Word came late on a Thursday afternoon. The bank planned to sell Lynette Neidhardt's house two weeks later, on a Friday. The place she had called home for 23 years, a two-bedroom Craftsman on a hilly street in Oakland, California, would be auctioned at the county courthouse.
Neidhardt, 63, was worn down. She'd been battling to save her home for two years — ever since the sputtering economy had sideswiped her one-woman graphic design business and she could no longer keep up with her mortgage payments.
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Still, she kept fighting. That Friday morning Neidhardt and more than a dozen friends and neighbors strode into a downtown bank branch, chanting : "Stop the auction; stop the sale today!" Her bank agreed to postpone the foreclosure, and in January 2011 it put her into a trial loan-modification program that cut her monthly payments almost in half.
In the wake of the housing crash, millions of older Americans like Neidhardt are struggling to pay their mortgages. A 2010 survey by the National Community Reinvestment Coalition found that 45 percent of distressed homeowners seeking help through its counseling services were older than 50.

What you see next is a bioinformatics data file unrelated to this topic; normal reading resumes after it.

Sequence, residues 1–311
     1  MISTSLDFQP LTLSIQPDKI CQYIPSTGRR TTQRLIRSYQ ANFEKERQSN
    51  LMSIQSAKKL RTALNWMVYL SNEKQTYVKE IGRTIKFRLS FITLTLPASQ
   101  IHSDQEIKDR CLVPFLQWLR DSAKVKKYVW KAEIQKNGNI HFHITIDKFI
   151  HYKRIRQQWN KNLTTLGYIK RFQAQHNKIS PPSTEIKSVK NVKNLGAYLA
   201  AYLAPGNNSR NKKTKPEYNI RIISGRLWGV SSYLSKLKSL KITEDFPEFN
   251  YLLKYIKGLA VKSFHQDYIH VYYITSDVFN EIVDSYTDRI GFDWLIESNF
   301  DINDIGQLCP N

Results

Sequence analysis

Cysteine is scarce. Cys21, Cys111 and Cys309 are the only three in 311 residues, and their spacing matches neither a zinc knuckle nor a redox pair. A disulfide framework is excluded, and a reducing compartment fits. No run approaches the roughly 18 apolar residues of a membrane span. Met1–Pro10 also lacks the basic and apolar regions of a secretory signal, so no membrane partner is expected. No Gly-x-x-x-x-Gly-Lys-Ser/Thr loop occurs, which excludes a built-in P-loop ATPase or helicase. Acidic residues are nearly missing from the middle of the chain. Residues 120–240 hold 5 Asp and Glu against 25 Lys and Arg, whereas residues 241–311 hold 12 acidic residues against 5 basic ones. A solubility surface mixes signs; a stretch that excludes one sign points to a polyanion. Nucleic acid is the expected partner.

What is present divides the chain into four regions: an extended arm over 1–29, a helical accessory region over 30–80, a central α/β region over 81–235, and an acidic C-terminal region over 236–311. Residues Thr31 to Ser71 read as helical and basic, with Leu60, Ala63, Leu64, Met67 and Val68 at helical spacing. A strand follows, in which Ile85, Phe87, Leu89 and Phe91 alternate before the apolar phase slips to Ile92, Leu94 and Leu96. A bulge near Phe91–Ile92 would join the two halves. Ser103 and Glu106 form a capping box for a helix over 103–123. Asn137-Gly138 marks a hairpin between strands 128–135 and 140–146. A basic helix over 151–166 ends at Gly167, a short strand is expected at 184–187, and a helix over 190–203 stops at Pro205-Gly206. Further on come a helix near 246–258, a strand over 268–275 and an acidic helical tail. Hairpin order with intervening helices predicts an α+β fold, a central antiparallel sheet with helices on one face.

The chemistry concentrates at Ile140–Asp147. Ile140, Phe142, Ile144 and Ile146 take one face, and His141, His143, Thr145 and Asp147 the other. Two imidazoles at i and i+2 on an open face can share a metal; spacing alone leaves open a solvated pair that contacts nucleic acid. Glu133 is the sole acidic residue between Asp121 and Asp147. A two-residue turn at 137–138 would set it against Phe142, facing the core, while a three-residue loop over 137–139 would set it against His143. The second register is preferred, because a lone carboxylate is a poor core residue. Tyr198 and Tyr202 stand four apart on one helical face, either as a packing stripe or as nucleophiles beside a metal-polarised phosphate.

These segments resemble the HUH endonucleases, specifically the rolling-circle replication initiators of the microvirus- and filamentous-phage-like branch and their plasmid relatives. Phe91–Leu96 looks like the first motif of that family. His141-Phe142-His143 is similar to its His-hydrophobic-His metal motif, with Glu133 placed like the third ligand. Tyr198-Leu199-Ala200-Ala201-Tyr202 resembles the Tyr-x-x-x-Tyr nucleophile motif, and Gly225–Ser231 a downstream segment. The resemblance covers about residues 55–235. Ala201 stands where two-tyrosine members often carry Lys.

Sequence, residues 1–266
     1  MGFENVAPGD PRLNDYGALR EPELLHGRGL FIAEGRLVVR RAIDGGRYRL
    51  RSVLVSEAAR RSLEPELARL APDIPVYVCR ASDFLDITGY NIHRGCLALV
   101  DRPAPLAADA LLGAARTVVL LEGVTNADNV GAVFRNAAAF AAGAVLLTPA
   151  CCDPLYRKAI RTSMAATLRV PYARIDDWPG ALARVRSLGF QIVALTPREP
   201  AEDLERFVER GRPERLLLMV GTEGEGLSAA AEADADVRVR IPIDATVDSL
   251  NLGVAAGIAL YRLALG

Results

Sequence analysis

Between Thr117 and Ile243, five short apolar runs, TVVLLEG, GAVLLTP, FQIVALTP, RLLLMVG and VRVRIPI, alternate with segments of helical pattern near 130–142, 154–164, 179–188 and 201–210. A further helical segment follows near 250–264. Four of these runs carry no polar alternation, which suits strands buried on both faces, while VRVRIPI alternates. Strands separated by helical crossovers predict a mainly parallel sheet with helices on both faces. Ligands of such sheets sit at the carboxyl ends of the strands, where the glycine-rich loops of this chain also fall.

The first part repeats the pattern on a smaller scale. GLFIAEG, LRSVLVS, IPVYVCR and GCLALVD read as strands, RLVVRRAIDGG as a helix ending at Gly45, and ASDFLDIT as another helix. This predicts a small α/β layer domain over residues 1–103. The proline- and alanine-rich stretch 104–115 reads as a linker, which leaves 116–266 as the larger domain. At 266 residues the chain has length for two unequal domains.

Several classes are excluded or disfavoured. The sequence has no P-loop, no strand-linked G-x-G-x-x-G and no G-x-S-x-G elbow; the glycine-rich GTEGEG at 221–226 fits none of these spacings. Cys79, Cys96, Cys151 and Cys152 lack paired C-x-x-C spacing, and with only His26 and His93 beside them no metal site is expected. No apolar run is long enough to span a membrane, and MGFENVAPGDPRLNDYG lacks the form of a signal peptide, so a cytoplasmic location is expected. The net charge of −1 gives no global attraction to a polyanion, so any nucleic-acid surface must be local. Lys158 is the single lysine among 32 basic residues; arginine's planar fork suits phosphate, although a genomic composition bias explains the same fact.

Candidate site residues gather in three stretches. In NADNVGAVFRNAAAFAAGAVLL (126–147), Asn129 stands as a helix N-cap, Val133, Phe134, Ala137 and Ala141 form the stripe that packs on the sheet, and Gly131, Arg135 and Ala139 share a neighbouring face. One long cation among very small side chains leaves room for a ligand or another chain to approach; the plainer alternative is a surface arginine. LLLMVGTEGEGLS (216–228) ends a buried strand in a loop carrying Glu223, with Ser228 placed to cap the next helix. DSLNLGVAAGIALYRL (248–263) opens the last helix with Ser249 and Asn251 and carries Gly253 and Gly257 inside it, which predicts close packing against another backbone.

Homeowners have also lost tens of thousands of dollars in home equity — money they were counting on to bankroll retirement. Nationwide, home prices are down more than 30 percent since their 2006 peak, according to the Case-Shiller housing index. Some 11 million homeowners are underwater — owing more than their homes are worth.
The news isn't all bad. Economists expect home values to recover, though in some places it may take 15 years or more. In the meantime, "help is available and there are ways to try to make it work," says Bill Druliner, a housing counselor at GreenPath Debt Solutions in Milwaukee. Read on to learn about three common scenarios facing older homeowners — and a range of creative solutions.